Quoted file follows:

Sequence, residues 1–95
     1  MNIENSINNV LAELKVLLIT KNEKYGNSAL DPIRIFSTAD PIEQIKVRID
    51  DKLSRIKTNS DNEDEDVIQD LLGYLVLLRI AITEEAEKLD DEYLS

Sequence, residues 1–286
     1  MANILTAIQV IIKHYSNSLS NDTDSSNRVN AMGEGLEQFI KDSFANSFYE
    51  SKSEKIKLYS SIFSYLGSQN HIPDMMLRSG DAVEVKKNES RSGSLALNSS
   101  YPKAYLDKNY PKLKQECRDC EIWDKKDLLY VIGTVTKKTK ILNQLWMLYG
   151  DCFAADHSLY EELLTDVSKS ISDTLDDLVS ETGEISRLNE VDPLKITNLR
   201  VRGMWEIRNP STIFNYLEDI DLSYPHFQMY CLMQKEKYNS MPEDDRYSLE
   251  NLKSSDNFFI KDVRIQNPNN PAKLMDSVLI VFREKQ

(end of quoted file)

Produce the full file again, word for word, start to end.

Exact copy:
Sequence, residues 1–95
     1  MNIENSINNV LAELKVLLIT KNEKYGNSAL DPIRIFSTAD PIEQIKVRID
    51  DKLSRIKTNS DNEDEDVIQD LLGYLVLLRI AITEEAEKLD DEYLS

Sequence, residues 1–286
     1  MANILTAIQV IIKHYSNSLS NDTDSSNRVN AMGEGLEQFI KDSFANSFYE
    51  SKSEKIKLYS SIFSYLGSQN HIPDMMLRSG DAVEVKKNES RSGSLALNSS
   101  YPKAYLDKNY PKLKQECRDC EIWDKKDLLY VIGTVTKKTK ILNQLWMLYG
   151  DCFAADHSLY EELLTDVSKS ISDTLDDLVS ETGEISRLNE VDPLKITNLR
   201  VRGMWEIRNP STIFNYLEDI DLSYPHFQMY CLMQKEKYNS MPEDDRYSLE
   251  NLKSSDNFFI KDVRIQNPNN PAKLMDSVLI VFREKQ